THIS is where things began to change for me with regards to learning about my thyroid. My doctors told me that an underactive thyroid can wreak havoc on bone density, and that my osteopenia was likely the result of how off my thyroid levels were. Thus – my fracture was likely due to the hypothyroidism. I was floored. I had no idea that the thyroid could have such a significant impact on your body like that. So I began reading, and learning.
I learned that the thyroid gland is a massive control center for your body. It controls your metabolism, your circulation, your fertility, your immune system; it has an impact on bone density, fatigue, menstruation, depression, inflammation, insomnia, hair loss and nail strength. There are SO many systems that are controlled and impacted by a functioning thyroid that when it is not functioning properly, your body goes into meltdown mode.
As I read through the typical symptoms of someone who suffers from hypothyroidism I was stunned at how I was raising my hand again and again and again. I struggle terribly with cold hands and feet and when my thyroid is way off, it is almost impossible for me to get warm. I struggle with fatigue (yes, I know I am an athlete, but this is something I have struggled with my whole life), terrible cramps and heavy flow when I have my periods, awful insomnia, a high rate of hair loss (thank goodness I have thick hair!) and big fluctuations in weight and inflammation.
As I consulted with my doctor she was amazed by how long I had been struggling with these symptoms, but more so that I had not identified that they were tied to my thyroid. As we began to get my thyroid levels under control, something else had to change: my diet.
My doctor explained to me that there is a protein in certain foods (such as gluten, dairy, soy as well as certain vegetables like Kale, broccoli, cauliflower, Brussel sprouts) that contains a protein that mimics the thyroid gland. When you enter these foods into your system, as someone with Hashimoto’s, your body suddenly thinks you have all this thyroid gland in your system and goes crazy trying to attack and kill it. Of course the gluten, dairy, soy and other foods are NOT the thyroid gland, so until they are out of your system, your body attacks the actual thyroid gland, expeditiously worsening one’s hypothyroid condition. It is during these “flare ups” when medication levels can be hard to manage and end up needing to be increased. What’s worse – it can take up to 6 months for these “bad” foods to fully clear your system.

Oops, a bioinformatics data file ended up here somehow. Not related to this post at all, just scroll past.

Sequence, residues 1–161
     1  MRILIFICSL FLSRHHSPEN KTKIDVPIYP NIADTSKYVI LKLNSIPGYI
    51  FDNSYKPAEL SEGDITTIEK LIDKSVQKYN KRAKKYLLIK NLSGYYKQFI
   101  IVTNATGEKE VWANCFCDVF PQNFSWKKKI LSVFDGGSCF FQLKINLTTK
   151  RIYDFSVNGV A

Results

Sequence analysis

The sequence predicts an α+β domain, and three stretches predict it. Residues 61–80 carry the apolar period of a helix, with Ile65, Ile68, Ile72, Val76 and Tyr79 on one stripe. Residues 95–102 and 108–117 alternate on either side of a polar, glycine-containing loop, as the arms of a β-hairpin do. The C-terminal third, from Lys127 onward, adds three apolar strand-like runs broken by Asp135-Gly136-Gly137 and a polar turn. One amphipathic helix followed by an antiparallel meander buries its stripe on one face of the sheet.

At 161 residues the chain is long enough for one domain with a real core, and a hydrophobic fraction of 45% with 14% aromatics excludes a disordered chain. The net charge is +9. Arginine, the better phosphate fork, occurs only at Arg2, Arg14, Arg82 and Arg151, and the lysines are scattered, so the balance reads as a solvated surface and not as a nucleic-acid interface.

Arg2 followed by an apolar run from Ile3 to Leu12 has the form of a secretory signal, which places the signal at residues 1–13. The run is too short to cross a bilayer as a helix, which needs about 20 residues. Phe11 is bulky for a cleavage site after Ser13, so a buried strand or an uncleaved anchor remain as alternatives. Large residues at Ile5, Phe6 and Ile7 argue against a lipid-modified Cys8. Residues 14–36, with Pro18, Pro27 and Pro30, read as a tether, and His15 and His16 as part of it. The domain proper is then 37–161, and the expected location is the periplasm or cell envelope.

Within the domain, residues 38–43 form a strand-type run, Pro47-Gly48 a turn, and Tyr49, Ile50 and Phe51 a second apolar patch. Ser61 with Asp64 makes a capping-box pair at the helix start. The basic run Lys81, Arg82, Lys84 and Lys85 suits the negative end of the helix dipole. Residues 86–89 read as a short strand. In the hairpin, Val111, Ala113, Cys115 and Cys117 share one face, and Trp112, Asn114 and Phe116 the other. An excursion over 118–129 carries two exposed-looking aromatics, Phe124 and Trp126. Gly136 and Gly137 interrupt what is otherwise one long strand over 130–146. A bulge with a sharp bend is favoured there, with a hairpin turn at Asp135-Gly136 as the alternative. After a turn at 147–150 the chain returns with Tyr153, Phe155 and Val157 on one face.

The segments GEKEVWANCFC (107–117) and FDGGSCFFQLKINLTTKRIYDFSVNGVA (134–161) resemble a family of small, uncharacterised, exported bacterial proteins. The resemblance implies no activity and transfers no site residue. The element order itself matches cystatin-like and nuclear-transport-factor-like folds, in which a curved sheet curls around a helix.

By removing those foods from my diet, I would be in a position to control and avoid significant flare ups and slow down the decline of my thyroid function.
Other interesting facts I learned:
Most people who test positive for Hashimoto’s TYPICALLY also test positive for the celiac gene. I was tested and I DID test positive. That does not mean I have Celiac disease, but it does mean that at any point my body could begin expressing that gene and I could become Celiac.
If you DON’T have Hashimoto’s, a gluten/soy/dairy-free diet is not necessary unless you have some other unrelated intolerance to those foods. Eating these foods will not worsen your thyroid condition.
If you take too much thyroid medication and become HYPERthyroid, it can have a similarly negative impact on bone density. So being in that “normal” range is crucial.
When your body is in a Hypothyroid state, it can impact the uptake of key nutrients like iron and calcium. I often find when my thyroid is off, my iron levels are low and my calcium levels drop as well.
I look back now and I’m disappointed and actually embarrassed to admit that I didn’t take a health condition that I have had for most of my life more seriously. While on a day-to-day basis nothing about hypothyroidism is life-threatening, it is a serious condition that can ravage your body. I’ve had to overhaul my diet in a significant and non-negotiable way, and also be vigilant about being tested regularly. Not taking care of my thyroid means my body completely breaks down, causing things like stress fractures, which prevent me from doing my job.
So – If you struggle with hypothyroidism or Hashimoto’s, I’d encourage you to educate yourself and make any and all changes that are required to mitigate the condition as best as you can! Your body and mind will thank you!